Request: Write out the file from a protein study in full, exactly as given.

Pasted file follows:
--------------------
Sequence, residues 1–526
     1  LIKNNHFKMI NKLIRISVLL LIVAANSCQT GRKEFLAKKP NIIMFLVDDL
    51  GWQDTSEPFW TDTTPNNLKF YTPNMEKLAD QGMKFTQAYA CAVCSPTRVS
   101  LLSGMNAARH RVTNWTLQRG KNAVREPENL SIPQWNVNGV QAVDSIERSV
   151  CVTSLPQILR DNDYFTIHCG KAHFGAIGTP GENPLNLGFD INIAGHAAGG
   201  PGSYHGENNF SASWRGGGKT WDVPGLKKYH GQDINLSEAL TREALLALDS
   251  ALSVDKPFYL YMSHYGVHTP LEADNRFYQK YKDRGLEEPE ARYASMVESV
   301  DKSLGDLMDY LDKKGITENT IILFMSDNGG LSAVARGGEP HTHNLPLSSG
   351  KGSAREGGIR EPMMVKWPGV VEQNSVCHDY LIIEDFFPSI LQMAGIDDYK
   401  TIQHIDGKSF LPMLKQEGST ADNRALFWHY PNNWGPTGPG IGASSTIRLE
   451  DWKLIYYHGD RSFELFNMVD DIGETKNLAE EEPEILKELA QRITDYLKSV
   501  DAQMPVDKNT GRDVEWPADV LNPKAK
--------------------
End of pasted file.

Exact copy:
Sequence, residues 1–526
     1  LIKNNHFKMI NKLIRISVLL LIVAANSCQT GRKEFLAKKP NIIMFLVDDL
    51  GWQDTSEPFW TDTTPNNLKF YTPNMEKLAD QGMKFTQAYA CAVCSPTRVS
   101  LLSGMNAARH RVTNWTLQRG KNAVREPENL SIPQWNVNGV QAVDSIERSV
   151  CVTSLPQILR DNDYFTIHCG KAHFGAIGTP GENPLNLGFD INIAGHAAGG
   201  PGSYHGENNF SASWRGGGKT WDVPGLKKYH GQDINLSEAL TREALLALDS
   251  ALSVDKPFYL YMSHYGVHTP LEADNRFYQK YKDRGLEEPE ARYASMVESV
   301  DKSLGDLMDY LDKKGITENT IILFMSDNGG LSAVARGGEP HTHNLPLSSG
   351  KGSAREGGIR EPMMVKWPGV VEQNSVCHDY LIIEDFFPSI LQMAGIDDYK
   401  TIQHIDGKSF LPMLKQEGST ADNRALFWHY PNNWGPTGPG IGASSTIRLE
   451  DWKLIYYHGD RSFELFNMVD DIGETKNLAE EEPEILKELA QRITDYLKSV
   501  DAQMPVDKNT GRDVEWPADV LNPKAK